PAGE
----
Despite YouTube’s undeniable popularity among consumers, marketers seem to be less familiar with the platform. Market-research firm eMarketer expects that just two in five U.S. companies, or 40.5 percent, will use YouTube for marketing purposes in 2014. The brands that are participating on the platform are giving cat videos a run for their money. Indeed, in 2013, three branded videos cracked YouTube’s top 10 most watched videos of the year for the first time.
Still, for more than half of the companies in the U.S. to not leverage the world’s largest video platform as a marketing opportunity is inexcusable, especially now that more digital media is consumed than TV. And YouTube is no small potato.
With more than six billion hours of video consumed each month -- almost an hour for every person on Earth -- its viewership continues to skyrocket. It’s also not just a video hosting platform -- it’s the most popular search engine after Google, ahead of both Bing and Yahoo, according to an infographic by Mushroom Networks.
Here are three reasons why marketing on YouTube should be a top priority:
Related: The 7 Secrets to Shareable Content
1. Ability to generate sales (not just awareness or leads). The top goals for social media marketing campaigns are to drive web traffic, to generate leads for future sales and to speak to brand fans, according to Chief Marketer’s 2013 Social Marketing Survey of U.S. marketers and agencies. Notice anything missing from that list? How about to sell something? YouTube is not only a social platform for engagement but a powerful tool for sales conversion that allows you track the consumer path to purchase from viewer to customer.
At Orabrush, we’ve been able to sell millions of tongue cleaners for humans and dogs and build a global brand using YouTube, proof that you can reach consumers for just about any product on the platform. That said, YouTube, like other social media channels, does require a company to create engaging, entertaining content that captures consumers’ short online attention spans.
2. Provides the best bang for your marketing bucks. YouTube builds brands effectively and cost-effectively. In my opinion, while cost per 1,000 impressions (CPMs) varies for traditional and digital advertising, YouTube carries more value than any other impression. Instead of a hopeful glance at a static display ad, a YouTube impression on an in-stream ad is 5 to 29 seconds of someone viewing your ad. At 30 seconds, it becomes a view. That’s real ROI for awareness and brand building. If you don’t put content on YouTube, you are foregoing significant opportunities to create organic awareness on your brand.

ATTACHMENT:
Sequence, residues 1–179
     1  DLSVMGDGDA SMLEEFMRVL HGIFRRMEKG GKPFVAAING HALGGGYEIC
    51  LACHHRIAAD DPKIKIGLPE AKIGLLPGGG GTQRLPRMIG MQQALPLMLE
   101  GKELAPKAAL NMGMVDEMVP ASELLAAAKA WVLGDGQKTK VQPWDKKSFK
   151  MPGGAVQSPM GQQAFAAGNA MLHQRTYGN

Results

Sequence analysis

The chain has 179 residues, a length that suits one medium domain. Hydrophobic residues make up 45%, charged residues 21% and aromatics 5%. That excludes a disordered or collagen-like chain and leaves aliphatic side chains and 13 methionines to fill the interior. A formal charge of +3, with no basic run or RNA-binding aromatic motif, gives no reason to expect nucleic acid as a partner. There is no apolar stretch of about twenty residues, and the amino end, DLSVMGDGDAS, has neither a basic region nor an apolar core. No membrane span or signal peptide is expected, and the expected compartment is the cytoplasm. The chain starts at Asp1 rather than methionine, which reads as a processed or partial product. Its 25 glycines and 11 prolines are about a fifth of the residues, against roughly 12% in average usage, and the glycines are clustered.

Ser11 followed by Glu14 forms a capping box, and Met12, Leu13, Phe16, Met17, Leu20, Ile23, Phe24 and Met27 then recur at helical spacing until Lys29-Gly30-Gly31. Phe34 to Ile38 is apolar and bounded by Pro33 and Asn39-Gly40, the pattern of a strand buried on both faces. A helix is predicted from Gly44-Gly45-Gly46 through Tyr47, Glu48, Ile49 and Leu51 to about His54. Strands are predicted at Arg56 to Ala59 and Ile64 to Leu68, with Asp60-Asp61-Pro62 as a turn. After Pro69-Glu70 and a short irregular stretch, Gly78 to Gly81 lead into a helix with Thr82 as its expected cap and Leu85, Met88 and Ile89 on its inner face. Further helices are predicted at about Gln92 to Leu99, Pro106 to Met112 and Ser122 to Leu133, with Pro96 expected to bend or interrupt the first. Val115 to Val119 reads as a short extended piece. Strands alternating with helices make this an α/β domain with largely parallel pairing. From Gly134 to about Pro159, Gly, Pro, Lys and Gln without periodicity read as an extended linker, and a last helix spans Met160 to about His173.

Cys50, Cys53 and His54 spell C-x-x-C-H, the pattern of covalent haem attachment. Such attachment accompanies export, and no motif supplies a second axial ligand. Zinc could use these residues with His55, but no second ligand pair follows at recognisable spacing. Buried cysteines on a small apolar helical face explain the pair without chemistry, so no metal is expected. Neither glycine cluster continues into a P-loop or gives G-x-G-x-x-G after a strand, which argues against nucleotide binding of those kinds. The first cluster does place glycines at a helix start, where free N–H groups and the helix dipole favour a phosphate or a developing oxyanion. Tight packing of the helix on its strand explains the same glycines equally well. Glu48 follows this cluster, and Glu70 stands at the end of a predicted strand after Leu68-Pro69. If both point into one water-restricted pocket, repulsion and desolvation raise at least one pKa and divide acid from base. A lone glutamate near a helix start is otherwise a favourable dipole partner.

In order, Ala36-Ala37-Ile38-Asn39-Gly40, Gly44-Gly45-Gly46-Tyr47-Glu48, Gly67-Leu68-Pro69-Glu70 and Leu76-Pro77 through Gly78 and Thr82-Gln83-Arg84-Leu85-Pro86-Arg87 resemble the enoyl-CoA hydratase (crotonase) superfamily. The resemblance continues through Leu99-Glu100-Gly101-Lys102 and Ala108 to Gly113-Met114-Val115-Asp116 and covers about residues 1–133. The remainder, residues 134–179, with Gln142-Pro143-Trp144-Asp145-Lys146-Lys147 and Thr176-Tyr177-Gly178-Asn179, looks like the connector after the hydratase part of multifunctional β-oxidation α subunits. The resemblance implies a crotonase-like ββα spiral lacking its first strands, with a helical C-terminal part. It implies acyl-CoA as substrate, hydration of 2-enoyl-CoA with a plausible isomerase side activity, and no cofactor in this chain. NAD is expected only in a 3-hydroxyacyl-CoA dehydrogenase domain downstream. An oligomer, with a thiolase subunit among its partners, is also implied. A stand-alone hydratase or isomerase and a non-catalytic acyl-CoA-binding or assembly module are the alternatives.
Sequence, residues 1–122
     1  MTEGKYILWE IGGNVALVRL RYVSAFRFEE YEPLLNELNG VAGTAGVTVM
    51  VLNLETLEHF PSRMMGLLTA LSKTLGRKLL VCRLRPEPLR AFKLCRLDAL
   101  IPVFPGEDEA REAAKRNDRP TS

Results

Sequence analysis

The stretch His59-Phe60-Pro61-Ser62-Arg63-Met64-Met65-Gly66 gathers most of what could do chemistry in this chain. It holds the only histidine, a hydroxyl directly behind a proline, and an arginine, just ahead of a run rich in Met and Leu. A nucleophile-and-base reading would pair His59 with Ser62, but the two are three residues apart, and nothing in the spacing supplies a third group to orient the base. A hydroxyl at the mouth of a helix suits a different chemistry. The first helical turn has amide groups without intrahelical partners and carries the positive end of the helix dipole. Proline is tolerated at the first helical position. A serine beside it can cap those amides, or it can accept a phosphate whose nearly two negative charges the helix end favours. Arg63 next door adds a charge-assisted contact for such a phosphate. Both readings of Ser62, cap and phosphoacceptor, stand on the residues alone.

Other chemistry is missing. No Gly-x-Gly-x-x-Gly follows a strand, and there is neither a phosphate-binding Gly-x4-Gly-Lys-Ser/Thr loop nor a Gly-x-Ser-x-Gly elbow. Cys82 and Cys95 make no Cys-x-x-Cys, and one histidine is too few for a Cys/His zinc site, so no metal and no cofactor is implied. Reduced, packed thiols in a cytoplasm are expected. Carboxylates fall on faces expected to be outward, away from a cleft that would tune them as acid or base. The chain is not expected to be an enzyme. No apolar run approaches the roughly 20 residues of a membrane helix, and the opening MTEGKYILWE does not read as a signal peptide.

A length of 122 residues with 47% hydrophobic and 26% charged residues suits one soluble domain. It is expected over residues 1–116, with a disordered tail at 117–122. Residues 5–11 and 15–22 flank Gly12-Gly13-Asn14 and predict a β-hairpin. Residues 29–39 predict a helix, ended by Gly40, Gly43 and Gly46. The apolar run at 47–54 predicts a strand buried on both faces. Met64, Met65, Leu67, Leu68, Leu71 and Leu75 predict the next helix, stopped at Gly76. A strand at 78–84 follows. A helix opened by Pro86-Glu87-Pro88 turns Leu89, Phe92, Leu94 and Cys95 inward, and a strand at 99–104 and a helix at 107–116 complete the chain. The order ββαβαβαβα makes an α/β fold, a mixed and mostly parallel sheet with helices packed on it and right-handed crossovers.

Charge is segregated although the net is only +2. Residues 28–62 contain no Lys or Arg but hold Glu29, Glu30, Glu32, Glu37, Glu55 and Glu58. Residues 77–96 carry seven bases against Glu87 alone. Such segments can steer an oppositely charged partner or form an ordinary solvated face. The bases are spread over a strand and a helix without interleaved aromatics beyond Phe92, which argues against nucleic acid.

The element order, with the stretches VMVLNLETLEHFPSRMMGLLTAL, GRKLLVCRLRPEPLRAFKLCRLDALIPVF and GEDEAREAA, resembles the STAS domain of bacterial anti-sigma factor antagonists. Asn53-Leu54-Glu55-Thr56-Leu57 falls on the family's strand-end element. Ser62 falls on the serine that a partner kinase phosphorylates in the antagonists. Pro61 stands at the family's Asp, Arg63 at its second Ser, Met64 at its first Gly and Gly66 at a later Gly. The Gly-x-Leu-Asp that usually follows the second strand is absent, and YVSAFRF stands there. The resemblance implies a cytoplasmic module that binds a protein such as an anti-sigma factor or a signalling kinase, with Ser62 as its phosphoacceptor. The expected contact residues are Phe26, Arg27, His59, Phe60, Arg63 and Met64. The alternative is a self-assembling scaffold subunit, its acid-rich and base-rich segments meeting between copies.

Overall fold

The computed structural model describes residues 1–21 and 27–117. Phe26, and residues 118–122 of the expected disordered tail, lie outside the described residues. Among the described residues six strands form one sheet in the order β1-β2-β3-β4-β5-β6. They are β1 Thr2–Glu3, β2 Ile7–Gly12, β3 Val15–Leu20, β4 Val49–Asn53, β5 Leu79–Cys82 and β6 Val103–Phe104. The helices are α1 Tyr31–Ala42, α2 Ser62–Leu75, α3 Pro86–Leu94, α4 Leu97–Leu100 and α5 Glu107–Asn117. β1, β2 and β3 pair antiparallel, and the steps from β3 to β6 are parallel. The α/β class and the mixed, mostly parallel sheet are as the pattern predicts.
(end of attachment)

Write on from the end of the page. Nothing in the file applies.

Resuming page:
Related: 9 Ways to Reach Customers on YouTube
3. It’s where your target audience is. With more than one billion unique monthly users, YouTube’s audience encompasses practically every demographic your brand wants to reach. According to Nielsen, YouTube reaches more U.S. adults ages 18-34 than any cable network. In addition to that crowd, brands that want to reach a younger or older crowd can easily cater to those consumers as well.
I’ve made it this far without a single mention of going viral, and that is intentional. Exclusively pursuing a viral video strategy is misguided -- creating sustained engagement to retain viewers and building a dedicated, loyal following should take priority. That being said, if a branded video is making the rounds on social media, don’t be shy to promote it to accelerate viewership and conversion.
When I parted ways with Procter & Gamble, after more than two decades with the company, I thought I had a pretty good grasp on advertising. Now, everything I learned at P&G, I do in reverse. Instead of building a traditional marketing and media campaign first and leaving digital as an afterthought, I start with digital at the center of the plan and then expand to traditional. It is much more efficient and effective.
More marketers looking to build brands can experience a similar awakening to mine and stop underrating YouTube. It’s every marketer’s dream, so wake up.
Copyright © 2013 Entrepreneur.com, Inc.